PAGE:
Category Archives: Humour & Tomfoolery

Dress up day and appropriate drinking

This week the kids spent some time at a friend’s house and made some masks. This morning they dressed up with clothing appropriate to their costumes. Madeline is a cat; Olivia is a bat; and Luke is a pumpkin.

Dressup

With lunch, they decided that they should drink something appropriate to the animals they were dressed as.

Madeline, being a cat, wanted milk.

Olivia, being a bat, wanted to drink something red like blood, so she chose cranberry juice.

Luke, being a pumpkin, wanted iced tea, which is brown and is therefore, in his own words, “worm poop juice”.

Some lists

Every so often, I return to McSweeney’s Lists for a good laugh. Here are some of my favourites of the ones I read today:

SPOILERS I’VE DELIVERED TO ENGLISH LIT MAJORS.

~By Gladstone

Godot never comes.

Bartleby is a lot like humanity in his preferring not to.

Peyton Farquhar sure has an active imagination at Owl Creek.

Your close reading skills and knowledge of symbolism will not be rewarded in your job as a lawyer or coffee barista.

* * *

PHILOSOPHER FINISHING MOVES.

~By Pravasan Pillay

The Aristhrottle

The Wittgenspine Buster

The Figure Four Ankle Locke

The Reverse Spinning Kickegaard

The Top Rope Over-the-Shoulder Thoreau

The Pulling Down of the Lyotard

The Feuerback Breaker

The Unemployment Clothes Line

* * *

RADIOHEAD AT THE CULINARY INSTITUTE.

~By Jimmy Chen

“Everything in Its Mise en Place”

“Fritter, Happier”

“All I Knead”

“Bones”

“My Waffle-Iron Lung”

“High and Dry Rub”

“Knives Out”

“Caramel Police”

“Black Star Anise”

“Weird Fishes”

“Crepe”

* * *

PALEOLITHIC BRYAN ADAMS: A PLAYLIST.

~By Josiah Lindsey

“Cuts Like a Hand-Sharpened Piece of Flint”

“Run to You Across the Bering Land Bridge”

“Hearts on Fire (Which Few of Us Can Make)”

“(Everything I Do) I Do It for Scavenged Mammoth Meat”

“Summer of 6”

There is more fun over at McSweeney’s Lists.

In which James Last almost makes me cry.

When I first got a record player, I imagined myself being very selective in which records I buy. That was before I discovered the glut of 25 cent records available at thrifts stores.  In fact, I haven’t yet spent more than 50 cents on a record.  It’s difficult to keep a music collection “pure”–I’ve tried many times (an the difficulty increases with the absorption of the music that comes with a marriage).

Most of what you find in thrift stores is kitschy: cheesy old gospel records with awkward pictures of the quartets on the front; self-titled albums by where-are-they-now artists with single names (Eva or perhaps Bridgette), the artist’s slightly fuzzy head-shot gracing the entirety of the record sleeve; records with grinning men holding accordions on the cover; and so on.  The truth is, I wanted to buy several of these records just for fun, but I did restrain myself at least that much.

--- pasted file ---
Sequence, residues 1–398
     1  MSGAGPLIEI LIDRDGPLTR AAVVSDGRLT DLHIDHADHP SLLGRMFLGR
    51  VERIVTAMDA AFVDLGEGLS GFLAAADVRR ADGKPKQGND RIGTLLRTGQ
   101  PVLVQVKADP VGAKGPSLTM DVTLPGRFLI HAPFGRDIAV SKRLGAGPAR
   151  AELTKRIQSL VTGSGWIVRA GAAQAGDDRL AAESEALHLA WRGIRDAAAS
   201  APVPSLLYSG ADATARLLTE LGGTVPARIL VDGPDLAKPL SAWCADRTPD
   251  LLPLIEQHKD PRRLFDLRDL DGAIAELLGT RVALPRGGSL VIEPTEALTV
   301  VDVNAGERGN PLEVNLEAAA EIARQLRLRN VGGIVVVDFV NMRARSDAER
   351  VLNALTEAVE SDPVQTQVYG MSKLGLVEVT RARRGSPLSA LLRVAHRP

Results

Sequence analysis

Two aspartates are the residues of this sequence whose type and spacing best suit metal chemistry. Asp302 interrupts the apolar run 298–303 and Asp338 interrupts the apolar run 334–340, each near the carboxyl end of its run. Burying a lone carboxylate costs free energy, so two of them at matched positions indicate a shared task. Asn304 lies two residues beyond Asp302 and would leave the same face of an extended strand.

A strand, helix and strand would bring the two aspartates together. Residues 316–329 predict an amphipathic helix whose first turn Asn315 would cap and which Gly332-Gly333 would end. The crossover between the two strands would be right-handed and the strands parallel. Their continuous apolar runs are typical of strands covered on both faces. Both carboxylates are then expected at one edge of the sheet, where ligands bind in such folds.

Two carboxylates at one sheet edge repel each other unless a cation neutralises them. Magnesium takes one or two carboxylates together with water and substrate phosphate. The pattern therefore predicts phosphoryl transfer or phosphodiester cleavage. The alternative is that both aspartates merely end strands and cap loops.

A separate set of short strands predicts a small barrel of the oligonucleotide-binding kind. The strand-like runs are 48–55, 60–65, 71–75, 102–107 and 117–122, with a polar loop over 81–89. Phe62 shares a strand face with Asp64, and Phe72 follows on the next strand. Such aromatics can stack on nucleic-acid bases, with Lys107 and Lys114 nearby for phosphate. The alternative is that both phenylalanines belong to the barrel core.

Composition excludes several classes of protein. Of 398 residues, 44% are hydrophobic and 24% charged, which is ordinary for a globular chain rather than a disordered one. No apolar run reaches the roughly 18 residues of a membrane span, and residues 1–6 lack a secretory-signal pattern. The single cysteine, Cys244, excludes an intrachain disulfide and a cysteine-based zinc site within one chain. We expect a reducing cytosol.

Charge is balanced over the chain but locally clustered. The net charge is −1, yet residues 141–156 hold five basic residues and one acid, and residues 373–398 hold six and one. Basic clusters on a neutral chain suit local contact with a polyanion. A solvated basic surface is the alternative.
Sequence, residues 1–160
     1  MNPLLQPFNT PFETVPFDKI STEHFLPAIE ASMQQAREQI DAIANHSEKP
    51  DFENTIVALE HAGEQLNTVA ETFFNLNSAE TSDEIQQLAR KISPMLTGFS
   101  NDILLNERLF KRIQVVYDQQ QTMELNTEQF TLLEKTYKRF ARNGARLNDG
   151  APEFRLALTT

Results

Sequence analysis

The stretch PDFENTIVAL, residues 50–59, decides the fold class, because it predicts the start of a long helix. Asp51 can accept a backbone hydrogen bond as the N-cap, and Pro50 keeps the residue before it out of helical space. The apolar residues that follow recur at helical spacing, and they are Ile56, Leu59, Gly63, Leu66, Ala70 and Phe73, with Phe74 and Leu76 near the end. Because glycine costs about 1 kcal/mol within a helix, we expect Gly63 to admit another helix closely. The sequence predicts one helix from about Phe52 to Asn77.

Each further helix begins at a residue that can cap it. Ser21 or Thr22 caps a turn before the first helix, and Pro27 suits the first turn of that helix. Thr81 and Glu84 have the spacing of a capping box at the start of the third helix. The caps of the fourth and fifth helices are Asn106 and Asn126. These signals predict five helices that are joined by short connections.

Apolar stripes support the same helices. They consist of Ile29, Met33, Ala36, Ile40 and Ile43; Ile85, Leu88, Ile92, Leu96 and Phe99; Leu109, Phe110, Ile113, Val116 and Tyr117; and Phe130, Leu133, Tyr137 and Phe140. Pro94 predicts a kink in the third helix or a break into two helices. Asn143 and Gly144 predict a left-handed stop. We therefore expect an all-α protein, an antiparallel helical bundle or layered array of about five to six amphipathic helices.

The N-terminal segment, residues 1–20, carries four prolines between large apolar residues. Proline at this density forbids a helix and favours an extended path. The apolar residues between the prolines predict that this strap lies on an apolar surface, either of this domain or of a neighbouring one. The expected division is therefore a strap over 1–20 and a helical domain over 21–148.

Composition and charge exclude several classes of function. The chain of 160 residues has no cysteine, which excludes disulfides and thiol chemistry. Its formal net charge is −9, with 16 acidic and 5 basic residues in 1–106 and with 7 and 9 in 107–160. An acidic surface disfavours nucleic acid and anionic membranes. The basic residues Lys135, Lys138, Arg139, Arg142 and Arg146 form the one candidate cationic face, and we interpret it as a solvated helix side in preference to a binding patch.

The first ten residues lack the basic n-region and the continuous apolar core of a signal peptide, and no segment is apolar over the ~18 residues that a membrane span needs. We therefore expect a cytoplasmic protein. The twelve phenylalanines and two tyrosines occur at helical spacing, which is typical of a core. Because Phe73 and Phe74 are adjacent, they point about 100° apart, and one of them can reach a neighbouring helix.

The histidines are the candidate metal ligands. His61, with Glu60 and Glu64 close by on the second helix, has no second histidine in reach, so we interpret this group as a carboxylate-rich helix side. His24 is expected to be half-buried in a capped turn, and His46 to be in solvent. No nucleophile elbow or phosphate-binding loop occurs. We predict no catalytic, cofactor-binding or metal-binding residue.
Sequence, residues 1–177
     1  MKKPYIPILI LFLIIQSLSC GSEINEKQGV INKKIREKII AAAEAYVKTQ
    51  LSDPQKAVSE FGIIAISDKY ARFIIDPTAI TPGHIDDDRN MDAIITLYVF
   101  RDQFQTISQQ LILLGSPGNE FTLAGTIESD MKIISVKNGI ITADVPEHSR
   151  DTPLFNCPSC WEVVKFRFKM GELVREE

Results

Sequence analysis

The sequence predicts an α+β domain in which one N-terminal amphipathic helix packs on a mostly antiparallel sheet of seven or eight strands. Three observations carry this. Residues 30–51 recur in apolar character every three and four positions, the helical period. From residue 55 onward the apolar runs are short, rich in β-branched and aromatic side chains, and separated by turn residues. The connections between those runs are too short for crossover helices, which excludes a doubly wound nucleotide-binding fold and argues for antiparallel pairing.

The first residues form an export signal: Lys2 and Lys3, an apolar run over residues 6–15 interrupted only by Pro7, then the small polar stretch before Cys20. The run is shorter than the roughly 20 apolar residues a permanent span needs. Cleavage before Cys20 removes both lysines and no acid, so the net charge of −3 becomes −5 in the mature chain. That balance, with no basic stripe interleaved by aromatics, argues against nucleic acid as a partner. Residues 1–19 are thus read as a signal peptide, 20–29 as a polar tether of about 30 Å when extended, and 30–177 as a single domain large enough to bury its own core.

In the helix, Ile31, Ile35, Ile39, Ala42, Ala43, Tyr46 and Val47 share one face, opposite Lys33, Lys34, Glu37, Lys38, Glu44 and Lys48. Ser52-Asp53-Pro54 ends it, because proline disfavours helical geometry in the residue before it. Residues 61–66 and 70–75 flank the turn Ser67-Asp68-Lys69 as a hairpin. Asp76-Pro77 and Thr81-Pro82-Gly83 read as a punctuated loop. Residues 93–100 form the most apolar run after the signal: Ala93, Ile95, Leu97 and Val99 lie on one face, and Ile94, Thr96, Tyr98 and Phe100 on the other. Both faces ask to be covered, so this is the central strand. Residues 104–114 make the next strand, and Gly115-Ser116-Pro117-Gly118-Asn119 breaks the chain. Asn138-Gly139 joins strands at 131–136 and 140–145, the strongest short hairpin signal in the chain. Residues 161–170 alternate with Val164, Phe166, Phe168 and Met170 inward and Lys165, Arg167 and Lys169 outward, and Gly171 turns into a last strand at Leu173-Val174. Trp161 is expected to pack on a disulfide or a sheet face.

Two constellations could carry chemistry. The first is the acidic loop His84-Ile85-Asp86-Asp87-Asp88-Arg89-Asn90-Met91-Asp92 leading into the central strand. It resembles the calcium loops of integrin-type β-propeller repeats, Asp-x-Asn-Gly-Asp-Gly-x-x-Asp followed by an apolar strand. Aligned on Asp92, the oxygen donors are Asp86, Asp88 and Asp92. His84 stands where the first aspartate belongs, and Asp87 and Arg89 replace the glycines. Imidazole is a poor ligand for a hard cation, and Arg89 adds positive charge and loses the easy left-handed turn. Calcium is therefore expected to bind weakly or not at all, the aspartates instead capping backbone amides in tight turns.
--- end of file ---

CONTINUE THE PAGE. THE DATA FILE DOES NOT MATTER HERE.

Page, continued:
Several months ago–before I even had a record player–I checked the records at the thrift store in a neighbouring town.  I bought The Band’s second, self-titled album for 25 cents, as well as Benny Goodman and his Orchestra Live in Brussels (that one was a bit of a risk, but it turned out well) and a children’s record with Winnie-the-Pooh songs on one side and “Peter and the Wolf” on the other (alas, the kids don’t seem to care for that one as much as I did when I was their age).

Last week, Dixie had a look at the same thrift store and bought several more: The Sound of Music soundtrack; the Obernkirchen Children’s Choir (that one was a miss); some kind of Mexican music (tentatively a miss); and Trapezoid’s Now & Then (a hit! click on the link to go to Amazon.com for sound samples).

Today I went to the thrift store in Steinbach and came back with several more: the original cast recording of Fiddler on the Roof (for Dixie); ABBA Greatest Hits (unexpectedly, given the title, I don’t recognize half the songs on it); and another kids’ Winnie-the-Pooh album.

I also bought two records for purely nostalgic reasons.  First, I bought Zamfir The Lonely Shepherd.  I have loved the title song since I was a young lad (if you’ve seen Kill Bill, you’ve heard it). I have no idea what the rest of the record will be like.  Actually, yes–yes I do.  Nostalgia!

As a joke, I also bought Christmas with James Last (sound bites at Amazon on the renamed album).  I thought I’d give it a quick listen to bother Dixie and then redesign the cover and use it to protect my sleeveless The Band album.  When I played it, however, it turned out to be a nostalgic treasure!  THIS ALBUM IS THE DEFINING SOUND OF THE CHRISTMASES OF MY CHILDHOOD!

Dixie is out with a friend tonight. I played a bit of Christmas with James Last for her before she left. She saw my giddy delight upon realizing just what it was I had purchased for a mere 25 cents.

“Great,” she said. “Now I’m going to spend the evening imagining you at home crying quietly to yourself.”

And the truth is, a bit of water did rise to my eyes at the jingly sound of James Last’s Christmas.

I hate surveys.

Whenever someone calls our house and asks if we have time to do a “short” survey, I always say, “No.  No, I don’t have the time.”  The one time I agreed to do a ‘short’ survey I was on the phone with them for 30 minutes or more.  It was about chocolate bars and there were no coupons forthcoming after the survey.